“[J]udging singers in their 20s is truly difficult, especially with so much at stake for the finalists, including a $15,000 cash prize for each winner. Comparably gifted pianists in their 20s are much more likely to be technically assured and finished performers. Operatic voices, though, need long nurturing. Most young singers are still working out elements of their technique. Inevitably, the judges for these auditions are assessing the potential of the finalists as much as their actual performances. Moreover, as was made clear by the documentary film ‘The Audition,’ which followed the last round of the 2007 competition, performing in this concert could not be more high-pressure.” [Need You Ask?]
“A cover article this weekend about choosing the Top 10 classical composers misstates, at one point, the length of time that opera had existed as of 1750, when Bach died. As the article correctly conveys in other references, opera had been around for roughly 150 years then, not ‘a half-century’.” La Cieca is sure the article’s author, Anthony Tommasini, 162, regrets the error. [NYT]
Lincoln Center’s Great Performers presents Diana Damrau on Saturday, December 10th, joined by Xavier de Maistre on harp, performing works by Debussy, Strauss, Fauré, and more. A regular at the Met Opera, Damrau has been called “a soprano of matchless intelligence” (Guardian).
“One of the greatest proponents of the German lied tradition” (New York Times), baritone Christian Gerhaher performs an all-Mahler program on Saturday, December 17th, featuring Gerold Huber on piano. The Telegraph calls him “the most moving singer in the world.”
Both performances are at Lincoln Center’s Alice Tully Hall.
“…whenever he was joined by the baritone Simon Keenlyside, who sang Rodrigo, the Marquis of Posa and Carlo’s devoted friend, Mr. Alagna opened up in every way.”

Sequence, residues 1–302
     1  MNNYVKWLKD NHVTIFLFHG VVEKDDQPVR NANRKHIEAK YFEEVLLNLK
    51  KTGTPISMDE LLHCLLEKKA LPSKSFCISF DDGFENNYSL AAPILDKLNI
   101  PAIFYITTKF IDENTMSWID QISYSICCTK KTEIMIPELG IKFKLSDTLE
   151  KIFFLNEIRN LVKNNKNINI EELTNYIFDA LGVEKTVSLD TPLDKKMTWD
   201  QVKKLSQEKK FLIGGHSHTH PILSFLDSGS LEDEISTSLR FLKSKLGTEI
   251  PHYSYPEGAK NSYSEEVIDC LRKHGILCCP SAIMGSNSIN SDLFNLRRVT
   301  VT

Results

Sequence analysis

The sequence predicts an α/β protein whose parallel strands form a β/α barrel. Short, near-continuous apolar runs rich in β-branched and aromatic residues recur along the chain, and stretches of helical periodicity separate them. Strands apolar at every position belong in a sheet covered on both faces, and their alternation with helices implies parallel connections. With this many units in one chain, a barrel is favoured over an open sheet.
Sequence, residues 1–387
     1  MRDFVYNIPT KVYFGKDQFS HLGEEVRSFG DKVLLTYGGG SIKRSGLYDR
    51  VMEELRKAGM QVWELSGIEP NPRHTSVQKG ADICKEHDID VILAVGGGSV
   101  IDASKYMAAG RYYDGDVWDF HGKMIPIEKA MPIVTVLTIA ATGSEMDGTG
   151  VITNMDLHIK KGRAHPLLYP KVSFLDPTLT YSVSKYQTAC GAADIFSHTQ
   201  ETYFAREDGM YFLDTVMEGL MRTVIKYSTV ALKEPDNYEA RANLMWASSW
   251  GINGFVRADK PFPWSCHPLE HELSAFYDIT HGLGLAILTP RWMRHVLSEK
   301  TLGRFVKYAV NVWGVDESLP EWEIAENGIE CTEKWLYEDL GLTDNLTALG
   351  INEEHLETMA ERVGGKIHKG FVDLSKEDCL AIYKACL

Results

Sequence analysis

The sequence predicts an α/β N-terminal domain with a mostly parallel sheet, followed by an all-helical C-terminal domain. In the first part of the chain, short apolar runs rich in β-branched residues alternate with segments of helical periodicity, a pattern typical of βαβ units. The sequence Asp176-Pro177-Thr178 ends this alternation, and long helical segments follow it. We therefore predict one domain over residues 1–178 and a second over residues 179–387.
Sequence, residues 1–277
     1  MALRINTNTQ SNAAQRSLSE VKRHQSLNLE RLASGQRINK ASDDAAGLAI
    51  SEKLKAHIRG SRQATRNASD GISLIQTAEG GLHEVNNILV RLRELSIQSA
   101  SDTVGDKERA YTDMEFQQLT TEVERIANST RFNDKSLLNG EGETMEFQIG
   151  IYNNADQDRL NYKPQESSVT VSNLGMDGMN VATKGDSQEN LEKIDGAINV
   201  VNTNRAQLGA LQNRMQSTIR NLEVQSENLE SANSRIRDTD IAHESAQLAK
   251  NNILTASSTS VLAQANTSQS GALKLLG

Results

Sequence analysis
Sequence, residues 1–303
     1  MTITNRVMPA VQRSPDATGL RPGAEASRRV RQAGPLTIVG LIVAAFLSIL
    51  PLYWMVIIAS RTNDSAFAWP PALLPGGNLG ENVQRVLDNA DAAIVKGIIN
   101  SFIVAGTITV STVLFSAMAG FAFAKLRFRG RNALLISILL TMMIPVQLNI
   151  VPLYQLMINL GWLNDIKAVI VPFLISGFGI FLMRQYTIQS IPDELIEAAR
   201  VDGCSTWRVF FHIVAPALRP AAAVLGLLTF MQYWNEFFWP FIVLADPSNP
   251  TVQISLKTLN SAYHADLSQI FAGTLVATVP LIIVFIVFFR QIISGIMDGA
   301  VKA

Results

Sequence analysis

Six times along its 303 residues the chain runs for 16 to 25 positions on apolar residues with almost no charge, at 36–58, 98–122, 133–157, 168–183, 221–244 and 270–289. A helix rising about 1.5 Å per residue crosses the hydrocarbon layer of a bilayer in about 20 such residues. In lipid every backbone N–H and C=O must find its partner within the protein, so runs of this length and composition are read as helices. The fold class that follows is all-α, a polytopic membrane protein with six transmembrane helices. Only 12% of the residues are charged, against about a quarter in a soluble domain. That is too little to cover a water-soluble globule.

Well, wouldn’t you? [NYT]
“Enrolled at the Manhattan School of Music, Mr. Jovanovich also began taking paying jobs around town. His first mention in The New York Times came in a 1996 review of the New York Gilbert and Sullivan Players in The Gondoliers at Symphony Space. Anthony Tommasini noted Mr. Jovanovich’s bright voice and strapping physique…” [NYT]
“It is in the Wagner repertory that Ms. Brewer has truly frustrated her fans. She has sung Isolde magnificently, though so far only in the Los Angeles Philharmonic’s ‘Tristan Project,’ which used Bill Viola’s videos, while Ms. Brewer and the other lead singers performed as in a concert, with music stands and vocal scores.” [NYT]
La Cieca must say that, for a chick, Katharina Wagner sure doesn’t talk much. But perhaps her reticence is something of a blessing, since it prevents her from spouting such facile generalizations as “…’Die Meistersinger,’ Hitler’s favorite Wagner opera.”
“Her gal-pal friends play with what look like the tails of exotic serpents and keep huge spiders as pets. I was not exactly sure what this all meant. Still, the kids squealed with delight.” No more delighted than La Cieca was when she realized that Katharina Wagner has finally caught up to Mary Zimmerman in the use of oversized arachnidae in operatic Regie! [NY Times]
“A tousle-haired and radiant young man called Ein Gast… appears” [NY Times]
“Exciting! Indomitable! Alluring! Rigid! Enormous! Pulsing! Penetrating! Riveting! The public shame of being flogged! Aching tenderness!” [NYT]